Al-Qaeda Rolls Their Own Encryption

As reported by Bruce Schneier back in May, one of the outcomes of the Snowden revelations is that some people are abandoning open source encryption tools for things they are brewing up on their own.  And while home-brewing may be great for beer, proper cryptography is many orders of magnitude more difficult to make than beer.  Al-Qaeda is one of the organizations reputedly creating three new “NSA-proof” encryption schemes.

Since 2007, Al-Qaeda’s use of encryption technology has been based on ...

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Keyloggers Found on Many Hotel Business Center Computers

Bad news business and vacation travelers, those free computers that are in many hotel business centers have been infected with keylogger malware.  This means that whatever you are typing while sitting at one of these publicly accessible computers is being sent to a cyber-criminal somewhere.  Hopefully you are savvy enough to NOT be doing online banking or checking your brokerage accounts on these systems, but even just checking your email can open you up to having that account hijacked and ...

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It’s Not Just Retail–Oil and Electric Utilities Hacked by Dragonfly

As reported by Symantec on June 30, and covered by the New York Times and SiliconBeat, there is a active exploit running against U.S. and European energy firms using the Dragonfly or Energetic Bear exploit kit.  Similar to Stuxnet, this exploit seeks to gain access and control of the industrial control systems that manage the flow of electricity. oil, and gas.  The article on Symantec is very through and gives a pretty technical readout, as well ...

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Sunday Funnies: New Job Interview Technique–Hack Your Next Employer

As reported in Naked Security, three Georgia Tech students hacked the mobile app ‘Yo,’and then reported their feat to TechCrunch

We can get any Yo user’s phone number (I actually texted the founder, and he called me back). We can spoof Yo’s from any users, and we can spam any user with as many Yo. We could also send any Yo user a push notification with any text we want (though we decided not to do ...

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CryptoWall and CryptoLocker–How to Defend Against Ransomware

In my last post I covered the nature of the crypto-ransomware exploit.  In this article we will discuss things you can do to help defend against this attack.

Avoidance

The best solution for preventing crypto-ransomware exploits is avoidance.  For this exploit to work, you have to help it happen.  Your risky online behavior makes it possible. 

  • Never open an email attachment unless you know who sent it and are expecting to receive it.  Don’t be afraid to check; it never hurts to ...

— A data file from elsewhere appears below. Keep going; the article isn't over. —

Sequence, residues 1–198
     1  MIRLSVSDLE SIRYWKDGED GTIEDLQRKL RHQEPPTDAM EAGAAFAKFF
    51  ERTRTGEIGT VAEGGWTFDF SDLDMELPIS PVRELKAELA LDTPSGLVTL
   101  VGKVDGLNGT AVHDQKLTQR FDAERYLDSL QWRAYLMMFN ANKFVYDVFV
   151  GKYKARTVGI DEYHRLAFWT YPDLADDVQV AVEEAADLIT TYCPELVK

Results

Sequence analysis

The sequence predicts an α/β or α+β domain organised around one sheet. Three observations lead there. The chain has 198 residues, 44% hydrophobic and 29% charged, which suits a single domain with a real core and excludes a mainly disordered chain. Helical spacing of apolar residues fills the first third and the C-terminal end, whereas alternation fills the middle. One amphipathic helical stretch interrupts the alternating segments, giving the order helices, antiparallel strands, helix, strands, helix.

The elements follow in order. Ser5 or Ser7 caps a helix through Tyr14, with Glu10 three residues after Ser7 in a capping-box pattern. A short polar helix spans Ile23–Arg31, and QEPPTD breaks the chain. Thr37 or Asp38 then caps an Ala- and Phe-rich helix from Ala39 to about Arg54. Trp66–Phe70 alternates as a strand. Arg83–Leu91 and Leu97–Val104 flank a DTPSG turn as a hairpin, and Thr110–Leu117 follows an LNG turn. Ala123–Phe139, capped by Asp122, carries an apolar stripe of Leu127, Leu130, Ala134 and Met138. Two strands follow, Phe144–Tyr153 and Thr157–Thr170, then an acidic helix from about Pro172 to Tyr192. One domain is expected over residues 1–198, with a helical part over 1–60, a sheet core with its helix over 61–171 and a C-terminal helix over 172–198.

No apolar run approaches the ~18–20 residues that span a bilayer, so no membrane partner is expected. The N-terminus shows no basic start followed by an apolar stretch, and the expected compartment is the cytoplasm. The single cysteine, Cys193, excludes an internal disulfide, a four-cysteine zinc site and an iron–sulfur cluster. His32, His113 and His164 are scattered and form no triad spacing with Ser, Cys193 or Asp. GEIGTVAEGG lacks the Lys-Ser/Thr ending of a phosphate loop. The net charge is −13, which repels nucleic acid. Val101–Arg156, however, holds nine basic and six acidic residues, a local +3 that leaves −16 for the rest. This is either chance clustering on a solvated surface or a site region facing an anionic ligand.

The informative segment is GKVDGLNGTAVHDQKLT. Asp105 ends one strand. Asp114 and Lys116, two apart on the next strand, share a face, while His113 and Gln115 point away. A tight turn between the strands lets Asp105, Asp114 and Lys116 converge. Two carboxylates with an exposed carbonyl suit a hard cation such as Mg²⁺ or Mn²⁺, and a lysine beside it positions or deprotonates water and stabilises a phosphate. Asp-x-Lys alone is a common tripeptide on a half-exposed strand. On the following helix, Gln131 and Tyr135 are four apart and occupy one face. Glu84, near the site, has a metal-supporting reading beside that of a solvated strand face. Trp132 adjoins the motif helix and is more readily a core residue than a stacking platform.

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Crypto-Wall and Crypto-Locker Hard to Defeat part 1 of 2

The different variants of crypto-ransomware have become an area of significant concern for information technology professionals.  There has been a decline in their confidence in endpoint protection solutions such as typical Internet security software products.  This decline, from 96% to 59%, shows how serious the crypto-ransomware threat has become for most network administrators.

The variants of this exploit are known as CryptoLocker, CryptoWall, CryptoDefense, Cryptorbit, HowDecrypt, and similar names.  They all work the same way.  Usually the exploit starts with a ...

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Synthetic Identity Theft–Fast Growing Consumer Fraud

Thanks to Deb Vosejpka , who posted this article about synthetic ID theft from the KNX News Radio website.  An interesting read, it explained how synthetic ID theft is different from “true-name” identity theft.  Basically, in classical identity theft, the perpetrator secures your social security number and other personal information and opens accounts in your name, operating for all intents as a second you. 

In synthetic identity theft, a real social security number is married to information of ...

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Paper or Plastic? Shoppers Returning to Cash After Breaches

In Silicon Beat it has been reported that in the aftermath of the high profiles security breaches of major retailers such as Target, PF Chang’s, Neiman Marcus, and Michael’s, many wary shoppers are returning to cash as a more secure form of payment.  A recent survey showed that following a breach, 64% of people responding to the poll said they would be using cash in the future, with millennials being more likely to use cash than other demographic ...

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